(1883–1957), political figure, Zionist leader, and biblical scholar. Born in Kovno to a distinguished and wealthy family, Menaḥem Solieli (Max Soloveichik) studied at the university in Saint Petersburg and continued his education at various institutions of higher learning in Germany. His particular interest was in the biblical period. In 1904, in Saint Petersburg, he was among the founders of the Russian-language Zionist journal Evreiskaia zhizn (Jewish Life).
With the establishment of the independent state of Lithuania, Solieli was elected to its parliament (Seimas) and served as minister of Jewish Affairs from 1919 to 1921. He proved adept as a leader of a community riven by ideological differences, and as a defender of Jewish rights. Perhaps discouraged by efforts to curtail Jewish autonomy in Lithuania, in 1922 he left for London, where he served briefly as a member of the Zionist executive, resigning after about a year over differences with Chaim Weizmann. In 1923, Solieli moved to Berlin, where he was an editor of the Encyclopedia Judaica until 1933, overseeing articles devoted to the Bible and the ancient Near East.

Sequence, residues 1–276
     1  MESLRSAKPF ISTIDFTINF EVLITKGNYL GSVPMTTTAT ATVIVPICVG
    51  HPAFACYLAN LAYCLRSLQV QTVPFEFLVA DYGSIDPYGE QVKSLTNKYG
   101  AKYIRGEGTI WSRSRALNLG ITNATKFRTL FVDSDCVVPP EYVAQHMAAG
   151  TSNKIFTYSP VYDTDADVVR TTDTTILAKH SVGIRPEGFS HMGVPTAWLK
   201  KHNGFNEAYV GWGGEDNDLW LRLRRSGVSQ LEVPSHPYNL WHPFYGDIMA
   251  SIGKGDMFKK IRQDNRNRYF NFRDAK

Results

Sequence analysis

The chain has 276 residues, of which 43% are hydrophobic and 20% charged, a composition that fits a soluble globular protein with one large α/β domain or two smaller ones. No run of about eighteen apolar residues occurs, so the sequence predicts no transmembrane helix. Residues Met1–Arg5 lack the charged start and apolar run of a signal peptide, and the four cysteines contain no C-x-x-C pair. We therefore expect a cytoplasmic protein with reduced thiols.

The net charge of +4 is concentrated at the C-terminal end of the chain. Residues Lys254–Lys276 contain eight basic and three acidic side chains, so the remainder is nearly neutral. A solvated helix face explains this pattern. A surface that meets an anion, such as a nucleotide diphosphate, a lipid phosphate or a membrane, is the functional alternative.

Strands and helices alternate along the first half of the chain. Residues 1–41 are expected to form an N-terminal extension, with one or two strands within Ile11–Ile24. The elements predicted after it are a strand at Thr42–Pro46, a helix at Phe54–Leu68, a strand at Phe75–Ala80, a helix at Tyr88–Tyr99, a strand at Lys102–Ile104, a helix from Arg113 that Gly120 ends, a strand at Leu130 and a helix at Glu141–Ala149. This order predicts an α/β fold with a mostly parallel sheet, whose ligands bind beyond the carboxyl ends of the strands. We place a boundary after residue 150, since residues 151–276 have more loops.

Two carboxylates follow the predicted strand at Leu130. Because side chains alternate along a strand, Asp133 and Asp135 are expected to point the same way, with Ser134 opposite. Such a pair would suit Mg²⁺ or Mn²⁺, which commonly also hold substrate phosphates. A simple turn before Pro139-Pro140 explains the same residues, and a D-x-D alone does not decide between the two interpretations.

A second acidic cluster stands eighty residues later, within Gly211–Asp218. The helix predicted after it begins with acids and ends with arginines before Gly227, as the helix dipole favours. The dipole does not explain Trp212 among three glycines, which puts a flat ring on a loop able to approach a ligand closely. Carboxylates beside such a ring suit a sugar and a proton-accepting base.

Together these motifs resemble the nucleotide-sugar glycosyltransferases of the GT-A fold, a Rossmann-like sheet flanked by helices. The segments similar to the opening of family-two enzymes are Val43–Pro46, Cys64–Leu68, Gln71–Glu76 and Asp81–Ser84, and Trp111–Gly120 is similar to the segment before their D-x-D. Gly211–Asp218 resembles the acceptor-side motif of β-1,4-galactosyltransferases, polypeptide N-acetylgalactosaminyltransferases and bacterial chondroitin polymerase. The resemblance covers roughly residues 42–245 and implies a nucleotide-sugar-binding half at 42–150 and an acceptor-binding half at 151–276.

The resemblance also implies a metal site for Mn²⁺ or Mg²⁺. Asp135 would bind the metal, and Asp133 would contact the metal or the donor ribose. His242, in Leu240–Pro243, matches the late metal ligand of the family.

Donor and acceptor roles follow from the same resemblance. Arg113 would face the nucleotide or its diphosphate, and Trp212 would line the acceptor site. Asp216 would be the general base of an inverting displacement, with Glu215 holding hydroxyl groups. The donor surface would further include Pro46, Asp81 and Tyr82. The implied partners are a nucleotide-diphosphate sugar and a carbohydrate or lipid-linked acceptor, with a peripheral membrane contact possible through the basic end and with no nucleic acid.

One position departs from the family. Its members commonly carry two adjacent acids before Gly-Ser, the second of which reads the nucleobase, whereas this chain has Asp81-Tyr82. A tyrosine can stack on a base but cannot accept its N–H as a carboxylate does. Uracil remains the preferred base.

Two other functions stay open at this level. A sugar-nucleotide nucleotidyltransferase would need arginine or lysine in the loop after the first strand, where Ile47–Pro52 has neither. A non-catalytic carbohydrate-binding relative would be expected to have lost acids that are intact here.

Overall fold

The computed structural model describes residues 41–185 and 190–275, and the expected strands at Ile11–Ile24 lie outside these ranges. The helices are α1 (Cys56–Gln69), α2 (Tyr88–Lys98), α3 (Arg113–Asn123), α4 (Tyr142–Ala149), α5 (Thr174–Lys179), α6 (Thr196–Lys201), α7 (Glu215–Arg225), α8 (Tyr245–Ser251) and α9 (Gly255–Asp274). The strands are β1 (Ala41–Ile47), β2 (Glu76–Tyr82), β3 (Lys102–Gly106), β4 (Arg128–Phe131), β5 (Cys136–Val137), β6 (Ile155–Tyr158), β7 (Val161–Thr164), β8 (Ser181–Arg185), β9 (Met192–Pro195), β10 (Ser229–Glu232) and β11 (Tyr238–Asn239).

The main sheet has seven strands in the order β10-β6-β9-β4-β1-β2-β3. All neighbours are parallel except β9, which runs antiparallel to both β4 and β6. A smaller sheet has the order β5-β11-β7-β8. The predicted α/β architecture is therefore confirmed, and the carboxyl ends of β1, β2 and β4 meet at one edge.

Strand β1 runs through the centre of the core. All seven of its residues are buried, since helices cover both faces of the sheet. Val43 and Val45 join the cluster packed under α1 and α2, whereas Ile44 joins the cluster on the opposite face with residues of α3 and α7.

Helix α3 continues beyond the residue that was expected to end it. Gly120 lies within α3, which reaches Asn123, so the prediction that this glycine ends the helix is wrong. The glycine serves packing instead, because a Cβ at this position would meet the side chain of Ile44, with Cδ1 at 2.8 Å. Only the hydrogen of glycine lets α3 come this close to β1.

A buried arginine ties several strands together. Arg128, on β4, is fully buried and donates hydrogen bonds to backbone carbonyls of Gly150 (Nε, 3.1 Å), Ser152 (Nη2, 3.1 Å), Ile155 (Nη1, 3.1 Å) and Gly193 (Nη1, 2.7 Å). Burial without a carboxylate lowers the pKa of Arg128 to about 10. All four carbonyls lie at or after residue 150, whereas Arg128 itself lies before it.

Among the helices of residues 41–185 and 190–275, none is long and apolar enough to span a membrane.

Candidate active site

Solieli moved to Palestine in 1933 and settled in Haifa, where he held a number of leadership positions. With the establishment of the State of Israel in 1948, he was appointed director of Kol Yisra’el, the broadcast service. His publications include Osnovniia problemi bibleiskoi nauki (Basic Problems of Biblical Science; 1913) and, with Zalman Rubashov, Toldot bikoret ha-Mikra (History of Biblical Criticism; 1925).
Isaac Grünbaum, Pene ha-dor: Morim, ḥaverim, yerivim, vol. 1, pp. 306–311 (Jerusalem, 1957); Šarūnas Liekis, A State within a State?: Jewish Autonomy in Lithuania, 1918–1925 (Vilnius, 2003); Mendel Sudarsky, Uryeh Katsenelenbogn, and Y. Kisin, eds., Lite, vol. 1 (New York, 1951).
Translated from Hebrew by the editorial staff